Basically, I do not understand Calvin's account. He wants to say that X is not itself necessary but at the same time that God's willing has already made it necessary. Problem is, such a statement is contradictory on the face of it. If we want to make such a statement coherent, then we have to interpret the first instance of the modal term 'necessary' in some different way than the second instance of 'necessary'. I don't think Calvin properly vets this issue regarding modal interpretation, and he only seems to get things backwards when he brings in the distinction between the necessities of consequence and of consequent. So, I would say that Calvin's account is at worst contradictory and at best reliant on some kind of equivocation.
  8. Standard memberDeepThought
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    05 Jan '16 02:371 edit
    Originally posted by LemonJello
    Very interesting passage. Obviously, Calvin wants to hold that there are divinely determined events, such that both (a) the event is not itself necessary and (b) the event nevertheless does possess a necessity that is contingent on the divine will. That being the case, I find it bizarre that he claims this relies on invoking a necessity of consequent i ...[text shortened]... hat Calvin's account is at worst contradictory and at best reliant on some kind of equivocation.
    Calvin seems to have all events divinely determined. Shortly before the passage Amaurote quoted there is this sentence:
    What seems to us contingence, faith will recognise as the secret impulse of God.
    Suppose I toss a coin. In the actual world it comes up heads, there's a possible world where it comes up tails. So in that sense it is not necessary for it to come up heads, but because God knew and, as far as I can tell from skimming the text which is lengthy, planned for the coin to come up heads it was inevitable that it would come up heads. So I think he does want necessity of consequent.

    The start of the paragraph (numbered 9) has this sentence:
    But since our sluggish minds rest far beneath the height of Divine Providence, we must have recourse to a distinction which may assist them in rising. I say then, that though all things are ordered by the counsel and certain arrangement of God, to us, however, they are fortuitous,—not because we imagine that Fortune rules the world and mankind, and turns all things upside down at random (far be such a heartless thought from every Christian breast); but as the order, method, end, and necessity of events, are, for the most part, hidden in the counsel of God, though it is certain that they are produced by the will of God, they have the appearance of being fortuitous, such being the form under which they present themselves to us, whether considered in their own nature, or estimated according to our knowledge and Judgment.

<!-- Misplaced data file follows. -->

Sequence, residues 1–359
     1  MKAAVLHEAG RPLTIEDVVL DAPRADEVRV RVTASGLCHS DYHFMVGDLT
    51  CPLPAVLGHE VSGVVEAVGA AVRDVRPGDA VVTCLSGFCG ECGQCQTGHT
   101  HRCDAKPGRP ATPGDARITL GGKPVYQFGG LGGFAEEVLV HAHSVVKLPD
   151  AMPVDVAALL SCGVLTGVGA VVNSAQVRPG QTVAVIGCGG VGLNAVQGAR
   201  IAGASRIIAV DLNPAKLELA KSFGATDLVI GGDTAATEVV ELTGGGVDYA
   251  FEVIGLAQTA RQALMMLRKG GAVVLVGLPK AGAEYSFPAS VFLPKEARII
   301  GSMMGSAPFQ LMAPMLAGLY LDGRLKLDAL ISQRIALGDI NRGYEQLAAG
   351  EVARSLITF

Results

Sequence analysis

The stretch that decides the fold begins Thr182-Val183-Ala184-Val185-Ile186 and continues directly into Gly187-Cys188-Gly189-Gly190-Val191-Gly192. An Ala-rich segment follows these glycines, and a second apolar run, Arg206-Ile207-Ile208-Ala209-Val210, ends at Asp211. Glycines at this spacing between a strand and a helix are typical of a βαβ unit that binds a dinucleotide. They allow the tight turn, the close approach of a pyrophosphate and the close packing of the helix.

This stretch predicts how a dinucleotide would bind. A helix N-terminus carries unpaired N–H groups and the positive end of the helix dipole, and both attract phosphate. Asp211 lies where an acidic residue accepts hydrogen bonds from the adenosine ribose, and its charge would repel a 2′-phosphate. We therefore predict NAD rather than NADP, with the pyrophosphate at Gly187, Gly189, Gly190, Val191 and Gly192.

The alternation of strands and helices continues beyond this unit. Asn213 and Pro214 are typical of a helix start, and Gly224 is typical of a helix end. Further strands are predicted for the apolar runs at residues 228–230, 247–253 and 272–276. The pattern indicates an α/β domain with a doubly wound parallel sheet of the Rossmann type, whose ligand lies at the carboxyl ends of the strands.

I think what he's trying to say is that if God wills an event then necessarily that event will occur. But we don't know God's will so the event does not appear to us to occur with necessity.

    The absence of necessity applies to what God wills. If God does not will some event then of necessity that event will not take place; but there is a possible world where God does will the event and in that possible world it will, of necessity, occur.

    I tend to agree with you that there's something incoherent about all this. He has humans having free will, but then also has predestination, which strikes me as contradictory.
  9. Standard memberDeepThought
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    05 Jan '16 06:21
    Originally posted by DeepThought
    Calvin seems to have all events divinely determined. Shortly before the passage Amaurote quoted there is this sentence:
    What seems to us contingence, faith will recognise as the secret impulse of God.
    Suppose I toss a coin. In the actual world it comes up heads, there's a possible world where it comes up tails. So in that sense it ...[text shortened]... as humans having free will, but then also has predestination, which strikes me as contradictory.